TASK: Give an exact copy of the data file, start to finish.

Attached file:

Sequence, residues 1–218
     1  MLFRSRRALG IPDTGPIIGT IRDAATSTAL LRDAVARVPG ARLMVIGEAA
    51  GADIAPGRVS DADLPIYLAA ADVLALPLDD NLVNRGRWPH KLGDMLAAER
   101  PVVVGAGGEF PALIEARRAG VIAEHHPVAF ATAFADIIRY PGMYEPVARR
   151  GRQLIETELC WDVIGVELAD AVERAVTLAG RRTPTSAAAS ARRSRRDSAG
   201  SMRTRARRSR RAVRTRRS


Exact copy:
Sequence, residues 1–218
     1  MLFRSRRALG IPDTGPIIGT IRDAATSTAL LRDAVARVPG ARLMVIGEAA
    51  GADIAPGRVS DADLPIYLAA ADVLALPLDD NLVNRGRWPH KLGDMLAAER
   101  PVVVGAGGEF PALIEARRAG VIAEHHPVAF ATAFADIIRY PGMYEPVARR
   151  GRQLIETELC WDVIGVELAD AVERAVTLAG RRTPTSAAAS ARRSRRDSAG
   201  SMRTRARRSR RAVRTRRS